WASHINGTON – The nine justices of the U.S. Supreme Court will meet behind closed doors Friday, Nov. 30 to decide whether to take up several cases that could lead to the legalization of gay marriage in all 50 states.
The public won’t find out what they decided for several days – as early as Monday – but Friday’s meeting is significant enough that both sides in the cultural debate are guessing what will happen. If the court takes up the cases, it could end up being the “Roe v. Wade” of gay marriage.
At issue are two laws: a federal law known as the Defense of Marriage Act (DOMA) and a California constitutional amendment known as Proposition 8.
Technically, only one section of DOMA is before the court – the section that defines marriage in federal law as being between one man and one woman. But the legal arguments the Obama administration’s Justice Department attorneys are using to oppose that section could be used to overturn the entire law, conservative attorneys say. That other section gives states the option of not recognizing gay marriage laws from other states. Courts have been split on DOMA, although the cases before the high court overturned the federal section at issue. The Republican-controlled House of Representatives is defending DOMA in court.
California Prop 8 was approved by voters in 2008 and defines marriage as between a man and a woman. The Ninth Circuit Court of Appeals affirmed a lower court ruling that struck it down. If the Supreme Court takes the Prop 8 case, it could do a number of things, including upholding Prop 8 or – in what would be a nightmare for Christian legal groups and evangelicals – reversing laws in any state that define marriage as between a man and a woman. The court also could choose not to take the Prop 8 case, a decision which would legalize gay marriage in California.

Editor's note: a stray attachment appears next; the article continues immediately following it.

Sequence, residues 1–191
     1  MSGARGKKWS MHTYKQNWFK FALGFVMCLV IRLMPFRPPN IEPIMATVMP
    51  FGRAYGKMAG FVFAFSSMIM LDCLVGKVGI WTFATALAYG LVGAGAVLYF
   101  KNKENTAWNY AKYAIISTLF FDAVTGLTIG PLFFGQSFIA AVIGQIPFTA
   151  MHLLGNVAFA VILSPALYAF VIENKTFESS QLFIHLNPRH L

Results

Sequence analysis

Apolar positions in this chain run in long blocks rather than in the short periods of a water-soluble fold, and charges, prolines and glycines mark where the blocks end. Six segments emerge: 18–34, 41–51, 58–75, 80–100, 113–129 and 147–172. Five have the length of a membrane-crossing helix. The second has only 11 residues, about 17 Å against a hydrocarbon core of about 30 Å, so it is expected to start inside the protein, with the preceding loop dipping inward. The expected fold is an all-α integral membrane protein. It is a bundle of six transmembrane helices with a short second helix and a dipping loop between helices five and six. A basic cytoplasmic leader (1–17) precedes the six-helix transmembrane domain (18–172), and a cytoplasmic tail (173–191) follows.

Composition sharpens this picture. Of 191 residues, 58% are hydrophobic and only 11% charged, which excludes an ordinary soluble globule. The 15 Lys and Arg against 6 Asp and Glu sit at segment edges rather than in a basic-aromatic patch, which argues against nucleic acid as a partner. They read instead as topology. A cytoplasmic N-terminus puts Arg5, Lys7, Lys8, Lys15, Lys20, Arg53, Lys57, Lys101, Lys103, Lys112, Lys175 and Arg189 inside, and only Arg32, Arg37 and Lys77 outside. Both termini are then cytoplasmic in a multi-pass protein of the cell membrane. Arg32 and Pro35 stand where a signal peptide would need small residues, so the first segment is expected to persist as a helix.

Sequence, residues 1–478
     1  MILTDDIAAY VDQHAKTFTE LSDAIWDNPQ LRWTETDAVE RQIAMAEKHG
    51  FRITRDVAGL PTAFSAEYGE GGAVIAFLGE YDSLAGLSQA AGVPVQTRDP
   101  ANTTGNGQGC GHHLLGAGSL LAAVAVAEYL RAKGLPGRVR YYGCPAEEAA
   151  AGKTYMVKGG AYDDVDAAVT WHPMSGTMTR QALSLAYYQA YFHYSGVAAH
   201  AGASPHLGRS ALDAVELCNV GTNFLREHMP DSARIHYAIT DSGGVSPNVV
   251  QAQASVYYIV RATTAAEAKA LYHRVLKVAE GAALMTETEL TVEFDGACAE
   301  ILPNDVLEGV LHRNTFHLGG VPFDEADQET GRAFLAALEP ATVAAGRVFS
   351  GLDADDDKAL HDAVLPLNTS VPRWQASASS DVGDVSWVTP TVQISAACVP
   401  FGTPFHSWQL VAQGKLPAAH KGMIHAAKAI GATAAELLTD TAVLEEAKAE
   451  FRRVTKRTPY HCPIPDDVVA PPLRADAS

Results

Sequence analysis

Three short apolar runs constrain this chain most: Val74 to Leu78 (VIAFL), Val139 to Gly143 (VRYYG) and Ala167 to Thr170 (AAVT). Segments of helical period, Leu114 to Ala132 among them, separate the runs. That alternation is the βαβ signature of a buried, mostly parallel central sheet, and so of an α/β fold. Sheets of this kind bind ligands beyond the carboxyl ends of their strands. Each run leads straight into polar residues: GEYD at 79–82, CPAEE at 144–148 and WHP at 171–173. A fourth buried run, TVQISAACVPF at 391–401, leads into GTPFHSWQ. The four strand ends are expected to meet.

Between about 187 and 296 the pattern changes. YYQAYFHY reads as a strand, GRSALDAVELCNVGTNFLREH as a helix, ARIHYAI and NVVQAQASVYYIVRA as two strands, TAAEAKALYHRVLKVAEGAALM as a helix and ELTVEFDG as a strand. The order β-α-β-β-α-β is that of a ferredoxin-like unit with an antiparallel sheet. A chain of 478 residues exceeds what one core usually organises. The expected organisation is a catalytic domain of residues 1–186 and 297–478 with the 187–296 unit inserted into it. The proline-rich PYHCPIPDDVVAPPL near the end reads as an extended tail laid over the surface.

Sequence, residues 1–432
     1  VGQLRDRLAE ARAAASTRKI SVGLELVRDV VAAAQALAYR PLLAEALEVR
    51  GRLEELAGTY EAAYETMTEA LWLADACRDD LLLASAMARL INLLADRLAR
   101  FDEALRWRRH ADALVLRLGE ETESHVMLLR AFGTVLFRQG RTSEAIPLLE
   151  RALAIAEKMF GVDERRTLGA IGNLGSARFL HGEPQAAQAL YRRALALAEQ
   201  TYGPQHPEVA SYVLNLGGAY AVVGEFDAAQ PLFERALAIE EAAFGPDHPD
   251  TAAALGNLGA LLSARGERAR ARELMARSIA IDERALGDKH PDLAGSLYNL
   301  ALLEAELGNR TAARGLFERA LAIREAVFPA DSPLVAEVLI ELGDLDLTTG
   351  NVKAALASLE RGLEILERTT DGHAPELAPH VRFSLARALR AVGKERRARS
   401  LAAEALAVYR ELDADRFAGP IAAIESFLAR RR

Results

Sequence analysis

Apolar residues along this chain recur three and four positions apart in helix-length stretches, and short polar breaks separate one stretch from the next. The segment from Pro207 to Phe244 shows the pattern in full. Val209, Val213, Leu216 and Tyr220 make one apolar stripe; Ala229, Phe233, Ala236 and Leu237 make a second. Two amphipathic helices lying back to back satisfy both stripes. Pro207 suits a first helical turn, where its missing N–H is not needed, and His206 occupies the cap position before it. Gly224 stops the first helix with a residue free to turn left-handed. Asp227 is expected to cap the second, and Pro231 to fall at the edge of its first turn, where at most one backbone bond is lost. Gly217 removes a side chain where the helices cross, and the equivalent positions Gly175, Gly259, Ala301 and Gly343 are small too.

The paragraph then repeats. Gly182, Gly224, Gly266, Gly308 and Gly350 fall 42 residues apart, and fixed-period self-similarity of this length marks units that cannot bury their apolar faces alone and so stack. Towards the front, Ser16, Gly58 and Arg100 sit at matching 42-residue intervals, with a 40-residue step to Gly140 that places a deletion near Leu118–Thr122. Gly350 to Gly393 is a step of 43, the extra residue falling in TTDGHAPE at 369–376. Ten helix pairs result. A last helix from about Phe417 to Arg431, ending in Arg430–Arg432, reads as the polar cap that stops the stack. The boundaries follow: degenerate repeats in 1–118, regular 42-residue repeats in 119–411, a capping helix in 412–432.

In August the attorneys general of 14 states urged the Supreme Court to consider the DOMA case and to uphold the law, saying that the appeals court decision reversing the law “casts doubt on all traditional definitions of marriage” in the states that don’t recognize gay marriage. The attorneys general said they were interested in “protecting their power to define marriage in the traditional manner.” They further gave a solid defense of traditional marriage.
“In short, traditional marriage protects civil society by encouraging couples to remain together to rear the children they conceive,” the attorneys general wrote in their brief. “It creates the norm that potentially procreative sexual activity should occur in a long-term, cohabitative relationship. It is the institution that provides the greatest likelihood that both biological parents will nurture and raise the children they beget, which is optimal for children and society at large.”
It is not known when during the current term the court would hear oral arguments in the cases, although – if they take the cases – a decision likely would be handed down in the spring or early summer.
(EDITOR’S NOTE – Compiled by Michael Foust, associate editor of Baptist Press.)